British ambassador summoned by Indonesia because of an LGBT+ flag

Indonesia expressed its “disappointment” to the U.K. ambassador in Jakarta after the embassy raised the rainbow flag to support LGBT+ rights.

UK embassy of Indonesia rainbow flag
Photo shared by the U.K. embassy in Indonesia showing the rainbow flag flying next to the Union Jack for the International Day Against Homophobia, Biphobia, and Transphobia | Instagram, ukinindonesia

The ministry of Foreign Affairs of Indonesia has summoned the British Ambassador to Indonesia, Owen Jenkins, because of a rainbow flag raised in the premises of the embassy of the United Kingdom in Jakarta.

In a statement released on May 23, the ministry expressed its “concern and disappointment regarding raising the LGBT+ flag” and “regards this action as highly insensitive”.

The ministry requested that friendly countries in Indonesia “respect the Indonesian people’s religious, social, and cultural norms and beliefs”.

The British embassy in Jakarta posted on its Instagram account the picture of the rainbow flag flying next to the Union Jack on May 17 for the International Day Against Homophobia, Biphobia, and Transphobia (IDAHOBIT).

The post says that “sometimes it is important to take a stand for what you think is right, even if disagreement between friends can be uncomfortable,” emphasizing that the “U.K. holds that LGBT+ rights are fundamental human rights.”

With 83,000 followers, the ukinindonesia account can receive a thousand likes and a few dozen comments on its posts. But the post with the rainbow flag spurred more reactions, accumulating more than 5,000 likes and receiving more than 10,000 comments, which included praises of the gesture and criticism asking to respect Indonesian culture in the country.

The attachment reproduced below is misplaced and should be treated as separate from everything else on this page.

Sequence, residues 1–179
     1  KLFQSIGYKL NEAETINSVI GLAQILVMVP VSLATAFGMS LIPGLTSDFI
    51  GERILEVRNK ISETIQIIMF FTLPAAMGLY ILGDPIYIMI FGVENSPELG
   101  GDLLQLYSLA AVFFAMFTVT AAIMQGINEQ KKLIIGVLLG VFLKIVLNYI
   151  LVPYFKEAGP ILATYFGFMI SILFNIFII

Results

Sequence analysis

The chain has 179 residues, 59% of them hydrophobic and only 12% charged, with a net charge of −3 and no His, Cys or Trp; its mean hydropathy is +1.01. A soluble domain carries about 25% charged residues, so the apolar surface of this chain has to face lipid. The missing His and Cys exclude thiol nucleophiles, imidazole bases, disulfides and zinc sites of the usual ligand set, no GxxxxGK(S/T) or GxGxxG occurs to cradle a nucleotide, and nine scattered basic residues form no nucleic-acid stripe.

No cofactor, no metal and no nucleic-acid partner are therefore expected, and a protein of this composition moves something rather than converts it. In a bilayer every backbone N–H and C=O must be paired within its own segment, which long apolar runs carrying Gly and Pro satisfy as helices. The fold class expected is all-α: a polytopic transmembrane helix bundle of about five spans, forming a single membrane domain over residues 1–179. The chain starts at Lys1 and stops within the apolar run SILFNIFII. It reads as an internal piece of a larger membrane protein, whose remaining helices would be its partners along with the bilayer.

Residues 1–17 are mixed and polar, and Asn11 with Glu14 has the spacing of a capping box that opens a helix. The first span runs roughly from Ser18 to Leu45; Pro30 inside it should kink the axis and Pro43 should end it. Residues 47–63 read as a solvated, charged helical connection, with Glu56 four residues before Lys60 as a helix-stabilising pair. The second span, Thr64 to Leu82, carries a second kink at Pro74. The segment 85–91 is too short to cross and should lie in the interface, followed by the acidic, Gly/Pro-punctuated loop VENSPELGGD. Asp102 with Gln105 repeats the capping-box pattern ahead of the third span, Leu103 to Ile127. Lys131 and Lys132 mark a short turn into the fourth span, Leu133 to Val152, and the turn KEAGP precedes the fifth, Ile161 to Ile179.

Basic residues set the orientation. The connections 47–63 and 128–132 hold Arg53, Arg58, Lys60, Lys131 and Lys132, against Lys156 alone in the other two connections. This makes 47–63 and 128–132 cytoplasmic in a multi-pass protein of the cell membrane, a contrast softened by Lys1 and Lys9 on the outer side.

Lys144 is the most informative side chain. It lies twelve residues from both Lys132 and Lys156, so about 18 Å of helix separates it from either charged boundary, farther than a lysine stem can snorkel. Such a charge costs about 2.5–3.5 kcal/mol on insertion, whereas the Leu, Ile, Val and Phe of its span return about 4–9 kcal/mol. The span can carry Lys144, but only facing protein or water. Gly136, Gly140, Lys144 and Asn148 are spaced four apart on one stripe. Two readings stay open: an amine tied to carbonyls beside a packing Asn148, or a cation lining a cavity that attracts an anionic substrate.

The IDAHOBIT was set on May 17 to commemorate the World Health Organization’s decision in 1990 to declassify homosexuality as a mental disorder. The date is officially recognized by more than 130 countries in the world but it is not an official international day recognized by the United Nations although its secretary general said on May 17 that the U.N. “is proud to support and uphold the fundamental human rights and dignity of all people – including LGBTIQ+ people.” Some events are held in Indonesia during that day.

Homosexuality is legal in Indonesia, except in the northern province of Aceh which practices Sharia officially, and in the city of Palembang in South Sumatra. Same-sex marriages are not recognized but changing gender is legal. Equaldex, a website that compares the progress of LGBTQ+ rights across the world, shows an equality index of 40 out of 100, where legal rights are above average.

But public opinion is largely against LGBT rights with a score of 19 out of 100. A Pew Research center poll in 2019 showed that 80% of the Indonesian population thinks society should not accept homosexuality, down from 93% in 2013. LGBT people are regularly subjected to discrimination and violence, according to Human Dignity Trust.

According to Indonesia, the British ambassador noted the government protest and would convey it to the British government in London. The U.K. embassy didn’t communicate on official portals and platforms.

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